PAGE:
Consider Covidien. A global medical device behemoth, the unfortunately named company has bought up smaller manufacturing firms for years. As the New York Times reported last weekend, Covidien in 2012 took over a manufacturing firm called Newport that was developing what would have been the world’s cheapest ventilator. But because Covidien was already selling a pricier ventilator in competition with Newport, it shut down the fledgling project that might have been our best shot at helping critically ill patients suffering from COVID-19 today. José E. Almeida, who was chairman, CEO, and president of Covidien back in 2012, signed the August 2019 Business Roundtable statement. 

Another CEO who signed the statement was Jeff Bezos, majordomo of Amazon and Whole Foods. Those companies are currently battling workers who are asking for the modest accommodation of paid sick time off and safer working conditions. Instead of taking the lead on providing for workers during the crisis, Amazon has solicited donations from the public to pay sick leave to contractors and seasonal workers.

Other CEOs who signed the Business Roundtable statement have followed suit. Oscar Munoz, CEO of United Airlines, has warned that despite the $2 trillion stimulus, his employees should soon expect massive layoffs. The investment management corporation Blackrock is currently thriving off the Federal Reserve’s bond purchases. Its CEO Laurence Fink signed the statement, too. More could be said about the businesses of other signees like Keycorp, which was at the center of the latest buyback craze, or Mallinckrodt and Anthem, which are being sued by the federal government for Medicare fraud, or Salesforce, which is currently dishing out millions in bonuses to its top executives.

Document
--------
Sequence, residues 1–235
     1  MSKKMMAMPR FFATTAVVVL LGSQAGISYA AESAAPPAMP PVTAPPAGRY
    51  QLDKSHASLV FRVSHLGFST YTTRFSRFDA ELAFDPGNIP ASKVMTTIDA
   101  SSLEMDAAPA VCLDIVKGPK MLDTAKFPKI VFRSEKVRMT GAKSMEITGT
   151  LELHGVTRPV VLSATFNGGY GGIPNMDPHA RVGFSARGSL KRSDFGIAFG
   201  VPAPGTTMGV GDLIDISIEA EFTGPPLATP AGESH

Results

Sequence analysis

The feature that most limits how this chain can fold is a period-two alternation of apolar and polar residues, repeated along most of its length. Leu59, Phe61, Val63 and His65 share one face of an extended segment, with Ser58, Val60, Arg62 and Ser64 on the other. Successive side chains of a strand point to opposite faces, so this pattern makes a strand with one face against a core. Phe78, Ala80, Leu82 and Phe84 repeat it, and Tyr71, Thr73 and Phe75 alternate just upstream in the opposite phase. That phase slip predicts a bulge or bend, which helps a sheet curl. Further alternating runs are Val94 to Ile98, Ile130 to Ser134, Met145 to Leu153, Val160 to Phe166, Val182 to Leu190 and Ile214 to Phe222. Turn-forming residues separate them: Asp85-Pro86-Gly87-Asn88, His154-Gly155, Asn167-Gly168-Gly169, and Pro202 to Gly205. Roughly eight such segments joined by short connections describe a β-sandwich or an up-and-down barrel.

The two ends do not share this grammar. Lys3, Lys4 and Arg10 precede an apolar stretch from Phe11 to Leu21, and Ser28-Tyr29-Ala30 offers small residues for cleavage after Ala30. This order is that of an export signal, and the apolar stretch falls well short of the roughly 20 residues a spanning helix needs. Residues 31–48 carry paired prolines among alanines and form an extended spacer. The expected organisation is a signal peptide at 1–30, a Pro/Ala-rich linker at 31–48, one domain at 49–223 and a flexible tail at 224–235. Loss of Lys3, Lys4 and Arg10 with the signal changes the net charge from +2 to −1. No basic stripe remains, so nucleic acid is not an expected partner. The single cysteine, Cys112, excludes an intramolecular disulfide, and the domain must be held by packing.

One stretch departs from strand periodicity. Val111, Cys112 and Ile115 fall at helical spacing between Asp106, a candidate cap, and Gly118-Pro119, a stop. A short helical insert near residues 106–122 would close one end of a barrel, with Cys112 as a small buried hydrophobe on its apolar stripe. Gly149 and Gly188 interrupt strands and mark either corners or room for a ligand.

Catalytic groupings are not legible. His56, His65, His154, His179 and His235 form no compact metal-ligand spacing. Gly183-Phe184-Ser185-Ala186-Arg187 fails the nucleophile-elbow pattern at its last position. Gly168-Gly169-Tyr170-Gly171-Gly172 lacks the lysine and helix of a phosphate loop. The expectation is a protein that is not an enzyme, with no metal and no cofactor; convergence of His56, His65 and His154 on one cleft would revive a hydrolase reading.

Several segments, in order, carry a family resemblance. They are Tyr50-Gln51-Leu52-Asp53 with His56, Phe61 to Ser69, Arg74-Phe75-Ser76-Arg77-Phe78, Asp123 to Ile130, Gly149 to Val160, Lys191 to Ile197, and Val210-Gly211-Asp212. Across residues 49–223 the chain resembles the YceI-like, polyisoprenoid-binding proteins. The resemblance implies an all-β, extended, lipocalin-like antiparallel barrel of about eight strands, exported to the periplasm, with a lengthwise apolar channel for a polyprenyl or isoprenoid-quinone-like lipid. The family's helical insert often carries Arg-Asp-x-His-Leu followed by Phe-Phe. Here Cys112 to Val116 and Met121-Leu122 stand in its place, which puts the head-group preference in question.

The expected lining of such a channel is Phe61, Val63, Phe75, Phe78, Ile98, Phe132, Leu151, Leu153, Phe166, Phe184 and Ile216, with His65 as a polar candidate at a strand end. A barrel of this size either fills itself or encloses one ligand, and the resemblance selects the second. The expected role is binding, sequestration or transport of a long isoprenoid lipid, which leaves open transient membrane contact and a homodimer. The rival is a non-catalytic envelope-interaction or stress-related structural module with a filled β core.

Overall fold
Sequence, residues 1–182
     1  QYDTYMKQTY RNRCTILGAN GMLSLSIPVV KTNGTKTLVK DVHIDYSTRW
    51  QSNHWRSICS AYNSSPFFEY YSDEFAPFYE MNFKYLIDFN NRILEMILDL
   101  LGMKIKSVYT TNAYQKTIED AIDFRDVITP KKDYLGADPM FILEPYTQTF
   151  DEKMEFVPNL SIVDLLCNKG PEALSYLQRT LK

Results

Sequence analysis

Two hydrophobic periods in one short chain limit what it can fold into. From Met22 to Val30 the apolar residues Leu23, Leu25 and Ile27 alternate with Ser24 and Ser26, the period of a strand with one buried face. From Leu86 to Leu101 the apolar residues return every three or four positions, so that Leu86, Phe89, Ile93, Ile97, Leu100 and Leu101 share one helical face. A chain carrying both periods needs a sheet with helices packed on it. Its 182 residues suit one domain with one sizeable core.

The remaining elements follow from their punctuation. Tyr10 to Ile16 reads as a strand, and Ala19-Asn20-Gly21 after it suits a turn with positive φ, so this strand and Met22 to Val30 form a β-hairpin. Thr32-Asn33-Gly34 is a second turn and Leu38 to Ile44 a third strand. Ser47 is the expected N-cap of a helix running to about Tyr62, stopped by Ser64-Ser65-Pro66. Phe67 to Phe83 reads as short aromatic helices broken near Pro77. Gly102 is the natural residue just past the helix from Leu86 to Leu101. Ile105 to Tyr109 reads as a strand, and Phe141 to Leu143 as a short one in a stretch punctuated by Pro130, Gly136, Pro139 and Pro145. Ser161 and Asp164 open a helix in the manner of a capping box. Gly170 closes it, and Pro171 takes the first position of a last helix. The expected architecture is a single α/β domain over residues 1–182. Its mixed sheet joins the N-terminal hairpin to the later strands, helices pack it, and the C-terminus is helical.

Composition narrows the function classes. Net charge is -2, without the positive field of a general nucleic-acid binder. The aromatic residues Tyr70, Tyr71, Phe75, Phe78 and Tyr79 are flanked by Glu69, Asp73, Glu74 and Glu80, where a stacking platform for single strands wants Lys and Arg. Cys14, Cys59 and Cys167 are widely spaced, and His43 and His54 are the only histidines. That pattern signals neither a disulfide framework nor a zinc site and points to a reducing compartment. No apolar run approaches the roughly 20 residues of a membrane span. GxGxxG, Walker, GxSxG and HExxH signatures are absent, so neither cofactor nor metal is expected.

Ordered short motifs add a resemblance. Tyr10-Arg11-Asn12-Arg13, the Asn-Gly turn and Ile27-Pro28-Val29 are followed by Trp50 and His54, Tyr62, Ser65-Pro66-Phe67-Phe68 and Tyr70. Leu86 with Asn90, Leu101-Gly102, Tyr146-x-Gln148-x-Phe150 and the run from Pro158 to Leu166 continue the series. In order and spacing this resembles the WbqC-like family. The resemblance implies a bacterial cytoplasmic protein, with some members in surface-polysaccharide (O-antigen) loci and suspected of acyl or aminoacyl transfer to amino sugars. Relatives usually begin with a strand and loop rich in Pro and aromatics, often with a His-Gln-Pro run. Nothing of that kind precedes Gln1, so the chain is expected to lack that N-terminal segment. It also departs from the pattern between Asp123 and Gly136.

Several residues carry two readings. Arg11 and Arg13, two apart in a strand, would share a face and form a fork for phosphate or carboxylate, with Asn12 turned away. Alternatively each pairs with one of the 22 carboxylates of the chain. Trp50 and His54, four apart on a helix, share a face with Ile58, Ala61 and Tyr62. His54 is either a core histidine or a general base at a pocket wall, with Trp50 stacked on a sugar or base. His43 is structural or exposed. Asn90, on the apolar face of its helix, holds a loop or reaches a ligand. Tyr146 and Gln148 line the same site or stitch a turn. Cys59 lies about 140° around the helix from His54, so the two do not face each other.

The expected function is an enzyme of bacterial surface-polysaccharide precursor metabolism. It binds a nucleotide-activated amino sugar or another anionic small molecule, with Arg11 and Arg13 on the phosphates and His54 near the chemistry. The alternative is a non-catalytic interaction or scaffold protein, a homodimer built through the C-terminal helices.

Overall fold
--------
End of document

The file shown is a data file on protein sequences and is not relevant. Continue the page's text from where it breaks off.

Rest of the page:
There are two approaches to corporate social responsibility. One is voluntary. It’s top-down and directed by managers, top executives, and directors. But as we’re seeing, there’s very little accountability for this sort of social responsibility program. Firms use a marginal amount of retained earnings or capital for campaigns that are easily publicized. Most often these programs change little about how business is done. Instead tax-deductible donations and write-offs serve as a grant of public goodwill.

Another, more meaningful approach calls for real accountability for corporate behavior. Senators Elizabeth Warren and Bernie Sanders, among others, have promoted legible and enforceable changes to corporate conduct on behalf of workers. These included provisions for a $15 minimum wage, keeping employees on the payroll during crises like the pandemic, putting worker representatives on boards of directors, giving equity to the government, and preventing price gouging. But the Business Roundtable has shown little enthusiasm for these sorts of state-mandated reforms.

Whether it is Nike’s embrace of Colin Kaepernick’s activism or PayPal’s recent boycott of North Carolina for its anti-transgender bathroom law, we live in a moment when corporate leaders like to showcase the social stands they take. But our current crisis shows us, unfortunately, that we can’t take CEOs’ high-flown gestures at face value. Real corporate social responsibility must change the way decisions are made in our most powerful business institutions when the chips are down.